"There’s a better than 50% chance CASTLE-AF is positive," Wells Fargo analyst Larry Biegelsen wrote in an August 9 research note. He explained that results showing the superiority of AF ablation to conventional therapy in this population could accelerate the growth of the AF ablation device market, which would especially help Abbott Laboratories Inc., Boston Scientific Corp. , Johnson & Johnson, and Medtronic PLC. AF device sales represent about 5% of Abbott's revenues and between 2% and 3% for Boston Scientific, Johnson & Johnson, and Medtronic.
Biegelsen expects CASTLE-AF to show ablation is more effective than drug therapy in this population because results from the single-center ARC-HF and CAMTAF trials showed that ablation improved ejection fraction, symptoms, and exercise performance more effectively than drug therapy in heart-failure patients. Also, results of the multicenter, 203-patient AATAC trial published in 2016 showed that catheter ablation was significantly better than drug therapy for reducing atrial-fibrillation recurrence, mortality, and hospitalization after two years.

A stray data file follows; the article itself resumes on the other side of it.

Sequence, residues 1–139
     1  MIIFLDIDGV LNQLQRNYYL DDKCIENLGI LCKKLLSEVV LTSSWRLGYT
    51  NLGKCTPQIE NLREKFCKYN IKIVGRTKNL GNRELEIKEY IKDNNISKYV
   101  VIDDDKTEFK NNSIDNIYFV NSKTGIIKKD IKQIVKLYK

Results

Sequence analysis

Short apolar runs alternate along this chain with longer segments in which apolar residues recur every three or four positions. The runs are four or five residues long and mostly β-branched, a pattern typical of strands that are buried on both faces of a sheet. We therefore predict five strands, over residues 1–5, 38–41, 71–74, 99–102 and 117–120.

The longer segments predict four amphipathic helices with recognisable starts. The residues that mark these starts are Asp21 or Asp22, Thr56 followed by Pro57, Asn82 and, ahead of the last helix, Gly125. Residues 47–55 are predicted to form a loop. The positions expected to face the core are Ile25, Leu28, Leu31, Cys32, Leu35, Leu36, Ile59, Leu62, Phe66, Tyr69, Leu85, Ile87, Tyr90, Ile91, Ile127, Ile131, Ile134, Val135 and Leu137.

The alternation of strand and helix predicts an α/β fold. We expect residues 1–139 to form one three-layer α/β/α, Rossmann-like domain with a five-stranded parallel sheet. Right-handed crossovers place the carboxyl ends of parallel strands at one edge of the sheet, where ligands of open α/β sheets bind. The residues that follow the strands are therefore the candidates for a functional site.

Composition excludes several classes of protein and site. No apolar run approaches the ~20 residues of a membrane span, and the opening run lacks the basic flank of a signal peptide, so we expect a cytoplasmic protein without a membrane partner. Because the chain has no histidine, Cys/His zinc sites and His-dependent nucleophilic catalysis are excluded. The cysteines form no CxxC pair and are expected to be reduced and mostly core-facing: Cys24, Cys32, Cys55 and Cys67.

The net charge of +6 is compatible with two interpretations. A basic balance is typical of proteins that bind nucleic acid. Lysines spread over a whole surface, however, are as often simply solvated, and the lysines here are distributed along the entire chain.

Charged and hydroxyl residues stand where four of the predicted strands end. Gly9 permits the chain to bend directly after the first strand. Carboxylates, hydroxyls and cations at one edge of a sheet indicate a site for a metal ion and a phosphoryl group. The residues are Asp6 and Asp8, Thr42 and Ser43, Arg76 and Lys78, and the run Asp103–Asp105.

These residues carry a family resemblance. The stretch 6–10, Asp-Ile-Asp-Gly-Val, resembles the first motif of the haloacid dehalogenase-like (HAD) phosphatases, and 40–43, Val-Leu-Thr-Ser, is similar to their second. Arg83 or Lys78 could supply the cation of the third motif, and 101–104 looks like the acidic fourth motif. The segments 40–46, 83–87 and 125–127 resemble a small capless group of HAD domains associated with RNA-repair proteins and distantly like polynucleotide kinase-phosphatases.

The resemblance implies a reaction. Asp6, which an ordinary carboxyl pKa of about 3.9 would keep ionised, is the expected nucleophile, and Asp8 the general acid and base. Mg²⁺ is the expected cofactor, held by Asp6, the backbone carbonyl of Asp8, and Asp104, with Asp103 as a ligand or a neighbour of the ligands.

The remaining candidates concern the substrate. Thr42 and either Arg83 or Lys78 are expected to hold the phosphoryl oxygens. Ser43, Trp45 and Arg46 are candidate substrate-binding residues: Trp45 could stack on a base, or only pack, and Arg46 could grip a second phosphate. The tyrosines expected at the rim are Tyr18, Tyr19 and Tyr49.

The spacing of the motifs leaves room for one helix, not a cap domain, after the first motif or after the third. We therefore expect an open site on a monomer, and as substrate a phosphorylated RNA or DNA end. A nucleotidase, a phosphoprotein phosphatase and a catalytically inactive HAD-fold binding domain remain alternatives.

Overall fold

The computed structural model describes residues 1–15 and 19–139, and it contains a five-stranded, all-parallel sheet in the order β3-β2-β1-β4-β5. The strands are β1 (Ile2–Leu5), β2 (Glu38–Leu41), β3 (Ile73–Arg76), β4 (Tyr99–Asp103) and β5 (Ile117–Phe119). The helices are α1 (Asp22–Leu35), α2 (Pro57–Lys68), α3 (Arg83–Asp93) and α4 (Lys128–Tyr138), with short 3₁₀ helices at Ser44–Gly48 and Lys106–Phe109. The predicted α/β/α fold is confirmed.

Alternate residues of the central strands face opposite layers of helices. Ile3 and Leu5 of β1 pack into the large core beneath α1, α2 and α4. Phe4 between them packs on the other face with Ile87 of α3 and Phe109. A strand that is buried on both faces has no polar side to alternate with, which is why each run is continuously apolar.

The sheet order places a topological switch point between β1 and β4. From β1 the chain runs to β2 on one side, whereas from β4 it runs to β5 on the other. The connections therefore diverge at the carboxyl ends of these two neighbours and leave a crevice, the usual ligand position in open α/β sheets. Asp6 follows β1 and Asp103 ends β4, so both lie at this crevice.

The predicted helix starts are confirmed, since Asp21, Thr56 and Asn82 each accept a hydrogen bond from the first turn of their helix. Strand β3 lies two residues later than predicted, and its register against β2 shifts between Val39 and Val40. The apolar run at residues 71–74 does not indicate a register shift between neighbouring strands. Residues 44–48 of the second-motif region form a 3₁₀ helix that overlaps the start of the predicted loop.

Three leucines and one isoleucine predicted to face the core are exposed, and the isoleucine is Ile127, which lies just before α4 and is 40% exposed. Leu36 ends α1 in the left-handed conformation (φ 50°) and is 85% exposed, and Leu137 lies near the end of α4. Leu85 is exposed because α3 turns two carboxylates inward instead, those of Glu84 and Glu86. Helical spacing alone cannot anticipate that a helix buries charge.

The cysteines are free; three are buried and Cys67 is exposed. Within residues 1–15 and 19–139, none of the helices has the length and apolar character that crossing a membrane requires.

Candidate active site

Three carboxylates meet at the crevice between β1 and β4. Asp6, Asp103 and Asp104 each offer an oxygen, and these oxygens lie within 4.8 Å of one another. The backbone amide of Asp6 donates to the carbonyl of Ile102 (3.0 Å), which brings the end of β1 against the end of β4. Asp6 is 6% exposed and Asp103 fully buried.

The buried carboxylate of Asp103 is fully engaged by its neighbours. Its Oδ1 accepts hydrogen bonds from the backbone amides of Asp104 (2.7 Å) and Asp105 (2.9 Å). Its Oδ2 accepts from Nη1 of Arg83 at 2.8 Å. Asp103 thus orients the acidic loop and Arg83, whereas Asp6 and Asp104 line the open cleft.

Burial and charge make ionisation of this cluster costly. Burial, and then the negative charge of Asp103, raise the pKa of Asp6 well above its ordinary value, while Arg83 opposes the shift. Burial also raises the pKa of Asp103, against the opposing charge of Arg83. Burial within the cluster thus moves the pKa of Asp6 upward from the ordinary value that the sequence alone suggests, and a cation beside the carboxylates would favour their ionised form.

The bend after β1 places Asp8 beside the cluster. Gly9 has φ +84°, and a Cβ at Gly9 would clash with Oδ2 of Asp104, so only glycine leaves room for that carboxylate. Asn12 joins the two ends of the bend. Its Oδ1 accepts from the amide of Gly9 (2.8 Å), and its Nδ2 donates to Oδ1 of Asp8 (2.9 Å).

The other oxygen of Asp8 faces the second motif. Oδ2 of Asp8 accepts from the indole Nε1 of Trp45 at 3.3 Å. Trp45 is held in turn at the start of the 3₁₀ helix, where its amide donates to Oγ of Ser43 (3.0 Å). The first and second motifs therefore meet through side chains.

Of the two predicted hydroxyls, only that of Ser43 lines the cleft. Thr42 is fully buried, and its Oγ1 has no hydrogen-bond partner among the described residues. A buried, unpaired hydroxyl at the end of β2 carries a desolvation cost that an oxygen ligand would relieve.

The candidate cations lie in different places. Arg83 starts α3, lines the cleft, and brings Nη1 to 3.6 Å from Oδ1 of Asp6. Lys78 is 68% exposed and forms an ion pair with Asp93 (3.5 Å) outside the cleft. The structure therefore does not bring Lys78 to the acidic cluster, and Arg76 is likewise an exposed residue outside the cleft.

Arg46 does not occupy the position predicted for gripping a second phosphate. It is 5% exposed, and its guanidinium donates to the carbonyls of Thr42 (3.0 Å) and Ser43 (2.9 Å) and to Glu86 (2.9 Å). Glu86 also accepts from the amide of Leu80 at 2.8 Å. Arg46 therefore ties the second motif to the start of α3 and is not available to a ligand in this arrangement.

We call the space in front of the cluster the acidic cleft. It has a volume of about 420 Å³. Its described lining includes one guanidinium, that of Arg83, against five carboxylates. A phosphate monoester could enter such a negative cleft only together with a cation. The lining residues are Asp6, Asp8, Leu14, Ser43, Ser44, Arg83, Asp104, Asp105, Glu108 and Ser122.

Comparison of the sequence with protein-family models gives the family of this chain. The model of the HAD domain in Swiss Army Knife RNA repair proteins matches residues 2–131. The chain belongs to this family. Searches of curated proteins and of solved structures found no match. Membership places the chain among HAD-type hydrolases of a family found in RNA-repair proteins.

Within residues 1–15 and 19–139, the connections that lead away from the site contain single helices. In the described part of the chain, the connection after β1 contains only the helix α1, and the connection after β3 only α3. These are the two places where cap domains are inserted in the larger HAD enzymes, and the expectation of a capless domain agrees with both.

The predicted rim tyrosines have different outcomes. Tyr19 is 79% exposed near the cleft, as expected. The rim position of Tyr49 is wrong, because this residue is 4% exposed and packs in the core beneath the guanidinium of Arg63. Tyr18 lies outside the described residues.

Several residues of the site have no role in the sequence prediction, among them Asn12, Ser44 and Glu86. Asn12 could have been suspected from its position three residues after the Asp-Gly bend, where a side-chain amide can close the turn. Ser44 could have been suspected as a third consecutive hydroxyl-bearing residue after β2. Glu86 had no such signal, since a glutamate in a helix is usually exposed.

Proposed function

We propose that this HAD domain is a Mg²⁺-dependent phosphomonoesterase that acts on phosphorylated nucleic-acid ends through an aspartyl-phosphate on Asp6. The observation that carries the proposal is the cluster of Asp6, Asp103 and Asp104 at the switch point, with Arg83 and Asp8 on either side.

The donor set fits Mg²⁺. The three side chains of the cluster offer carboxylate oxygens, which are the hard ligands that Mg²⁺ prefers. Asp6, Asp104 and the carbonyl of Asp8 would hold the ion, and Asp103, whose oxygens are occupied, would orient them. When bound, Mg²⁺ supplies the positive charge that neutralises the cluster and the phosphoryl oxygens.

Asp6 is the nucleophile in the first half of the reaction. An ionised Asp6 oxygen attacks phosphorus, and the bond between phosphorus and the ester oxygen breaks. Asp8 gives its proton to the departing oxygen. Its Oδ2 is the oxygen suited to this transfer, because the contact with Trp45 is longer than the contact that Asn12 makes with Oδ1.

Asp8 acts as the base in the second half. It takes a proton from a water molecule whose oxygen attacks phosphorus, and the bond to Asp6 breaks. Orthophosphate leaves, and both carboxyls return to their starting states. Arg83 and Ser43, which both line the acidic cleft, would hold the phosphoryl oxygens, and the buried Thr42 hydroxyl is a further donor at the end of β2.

"It’s worth noting that AATAC started in 2008 and completed in 2014, whereas Castle-AF started in 2007 and completed in 2017. Some clinicians with whom we have spoken expressed concerned that the ablation results in Castle-AF could suffer because ablation techniques have evolved since 2007," Biegelsen notes. "Given this, it will be important to see how patients with a successful ablation procedure in Castle-AF did compared to those who didn’t have a successful procedure because this will shed light on whether technique played a role in the results."
REVEAL AF Reveals Need For More AF-Monitoring Trials